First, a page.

The Battle of Monmouth was an inconclusive battle of the American Revolutionary War fought on June 28, 1778. The main American Continental Army under George Washington attacked the rear of the British Army's column led by Sir Henry Clinton as they left Monmouth Court House (modern Freehold, New Jersey).
American General Charles Lee led the advance and initiated the first attack on the column's rear. When the British turned to flank him, he ordered a general retreat, which soon became disorganized. Washington argued with Lee, then personally rallied the troops and repelled two counterattacks. On a very hot day, the battle was a standoff. Both sides lost as many men to sunstroke as to the enemy. British losses were 103 dead and 161 wounded, while the Americans lost 147 dead and 170 wounded. Both sides retired at nightfall.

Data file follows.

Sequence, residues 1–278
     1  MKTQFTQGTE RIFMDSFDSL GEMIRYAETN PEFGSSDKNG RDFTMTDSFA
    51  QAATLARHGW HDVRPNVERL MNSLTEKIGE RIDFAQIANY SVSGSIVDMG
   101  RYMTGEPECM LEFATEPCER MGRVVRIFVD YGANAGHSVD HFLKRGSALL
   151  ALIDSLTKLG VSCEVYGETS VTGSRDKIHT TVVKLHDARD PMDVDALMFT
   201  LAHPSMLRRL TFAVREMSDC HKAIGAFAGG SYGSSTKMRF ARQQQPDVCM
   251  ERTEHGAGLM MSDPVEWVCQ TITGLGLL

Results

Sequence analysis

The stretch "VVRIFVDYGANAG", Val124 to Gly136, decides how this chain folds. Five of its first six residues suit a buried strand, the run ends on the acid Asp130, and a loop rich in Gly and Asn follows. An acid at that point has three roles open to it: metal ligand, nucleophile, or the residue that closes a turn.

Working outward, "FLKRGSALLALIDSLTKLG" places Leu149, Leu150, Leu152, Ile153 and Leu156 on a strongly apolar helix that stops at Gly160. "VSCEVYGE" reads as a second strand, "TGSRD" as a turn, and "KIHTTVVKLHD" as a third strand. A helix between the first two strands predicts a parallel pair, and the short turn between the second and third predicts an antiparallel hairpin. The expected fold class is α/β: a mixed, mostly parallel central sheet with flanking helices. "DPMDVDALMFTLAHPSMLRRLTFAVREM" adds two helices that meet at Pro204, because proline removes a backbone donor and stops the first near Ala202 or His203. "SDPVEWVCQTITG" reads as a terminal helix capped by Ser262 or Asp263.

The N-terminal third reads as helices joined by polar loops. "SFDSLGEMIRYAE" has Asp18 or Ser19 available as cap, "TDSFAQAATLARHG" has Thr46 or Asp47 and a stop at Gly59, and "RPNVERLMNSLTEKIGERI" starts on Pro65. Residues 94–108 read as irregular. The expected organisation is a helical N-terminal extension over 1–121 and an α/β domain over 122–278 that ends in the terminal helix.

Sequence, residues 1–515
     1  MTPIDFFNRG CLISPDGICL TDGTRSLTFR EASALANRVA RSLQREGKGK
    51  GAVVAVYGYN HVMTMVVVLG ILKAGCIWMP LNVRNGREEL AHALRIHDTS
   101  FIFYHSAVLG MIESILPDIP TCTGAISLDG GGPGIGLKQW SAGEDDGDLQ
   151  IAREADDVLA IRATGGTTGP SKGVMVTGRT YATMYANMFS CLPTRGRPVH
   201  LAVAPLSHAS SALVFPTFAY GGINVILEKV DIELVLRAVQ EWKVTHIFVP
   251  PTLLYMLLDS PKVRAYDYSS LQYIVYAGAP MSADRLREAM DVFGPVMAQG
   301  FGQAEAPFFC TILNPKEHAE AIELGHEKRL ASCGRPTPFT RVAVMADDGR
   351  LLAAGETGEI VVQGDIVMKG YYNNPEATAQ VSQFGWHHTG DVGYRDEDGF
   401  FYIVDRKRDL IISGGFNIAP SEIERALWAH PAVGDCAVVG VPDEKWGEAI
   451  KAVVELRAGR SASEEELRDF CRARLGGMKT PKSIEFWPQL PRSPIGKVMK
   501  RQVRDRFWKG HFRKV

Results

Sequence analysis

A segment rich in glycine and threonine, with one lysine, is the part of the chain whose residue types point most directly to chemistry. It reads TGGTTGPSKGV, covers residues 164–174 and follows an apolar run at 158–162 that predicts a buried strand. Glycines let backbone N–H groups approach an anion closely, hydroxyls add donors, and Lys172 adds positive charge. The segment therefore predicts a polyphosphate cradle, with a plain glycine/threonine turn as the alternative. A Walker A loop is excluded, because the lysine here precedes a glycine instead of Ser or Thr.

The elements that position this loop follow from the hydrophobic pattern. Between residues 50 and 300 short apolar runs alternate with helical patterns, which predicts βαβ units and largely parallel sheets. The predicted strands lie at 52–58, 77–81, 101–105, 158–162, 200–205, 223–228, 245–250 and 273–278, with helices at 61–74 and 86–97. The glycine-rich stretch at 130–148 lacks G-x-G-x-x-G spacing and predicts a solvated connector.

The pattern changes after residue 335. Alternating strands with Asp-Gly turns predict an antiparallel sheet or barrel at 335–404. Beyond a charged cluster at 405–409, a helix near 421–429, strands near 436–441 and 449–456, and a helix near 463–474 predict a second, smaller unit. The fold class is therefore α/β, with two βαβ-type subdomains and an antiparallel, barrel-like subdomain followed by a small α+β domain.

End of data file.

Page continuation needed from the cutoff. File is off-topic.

The battle was the last major engagement of the northern theatre, and the largest one-day battle of the war when measured in terms of participants. Lee was later court-martialed for his actions.
Molly Pitcher became famous for helping to work a cannon during the battle.